Forty years ago, a handful of smart Americans had an idea how to end a war. They published a call for moral, political and financial support for those refusing to serve. Initially signed by Noam Chomsky, Howard Zinn, Grace Paley, Dr. Benjamin Spock, Marcus Raskin, and the Reverend William Sloane Coffin among others, eventually, 20,000 signed on and the indispensable RESIST foundation was formed.
Listening as it was read aloud at a 40th anniversary party this weekend, "Resist: A Call to Resist Illegitimate Authority" seems as relevant as ever. How about a second Call?
1. An ever growing number of young American men are finding that the American war in Vietnam so outrages their deepest moral and religious sense that they cannot contribute to it in any way. We share their moral outrage.
2. We further believe that the war is unconstitutional and illegal. Congress has not declared a war as required by the Constitution. Moreover, under the Constitution, treaties signed by the President andratified by the Senate have the same force as the Constitution itself. The Charter of the United Nations is such a treaty. The Charter specifically obligates the United States to refrain from force or the threat of force in international relations. It requires member states to exhaust every peaceful means of settling disputes and to submit disputes which cannot be settled peacefully to the Security Council. The United States has systematically violated all of these Charter provisions for thirteen years.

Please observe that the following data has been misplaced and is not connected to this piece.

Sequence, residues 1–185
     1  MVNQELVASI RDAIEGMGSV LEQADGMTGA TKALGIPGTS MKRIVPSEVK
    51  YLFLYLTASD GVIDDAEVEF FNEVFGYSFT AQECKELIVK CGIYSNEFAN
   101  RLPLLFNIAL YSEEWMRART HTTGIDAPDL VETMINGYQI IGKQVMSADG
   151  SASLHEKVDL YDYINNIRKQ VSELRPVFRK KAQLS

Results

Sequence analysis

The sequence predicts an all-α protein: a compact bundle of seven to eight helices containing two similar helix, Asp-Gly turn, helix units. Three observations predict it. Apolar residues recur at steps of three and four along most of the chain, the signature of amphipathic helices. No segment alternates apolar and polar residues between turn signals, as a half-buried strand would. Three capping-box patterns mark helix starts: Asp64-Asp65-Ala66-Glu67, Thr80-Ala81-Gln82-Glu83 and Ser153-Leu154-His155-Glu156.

3. Moreover, this war violates international agreements, treaties and principles of law which the United States Government has solemnly endorsed. The combat role of the United States troops in Vietnamviolates the Geneva Accords of 1954 which our government pledged to support but has since subverted. The destruction of rice, crops and livestock; the burning and bulldozing of entire villages consisting exclusively of civilian structures; the interning of civilian non-combatants in concentration camps; the summary executions of civilians in captured villages who could not produce satisfactoryevidence of their loyalties or did not wish to be removed to concentration camps; the slaughter of peasants who dared to stand up in their fields and shake their fists at American helicopters; – these are all actions of the kind which the United States and the other victorious powers of World War II declared to be crimes against humanity for which individuals were to be held personally responsibleeven when acting under the orders of their governments and for which Germans were sentenced at Nuremberg to long prison terms and death The prohibition of such acts as war crimes was incorporated in treaty law by the Geneva Conventions of 1949, ratified by the United States. These are commitments to other countries and to Mankind, and they would claim our allegiance even if Congress should declare war.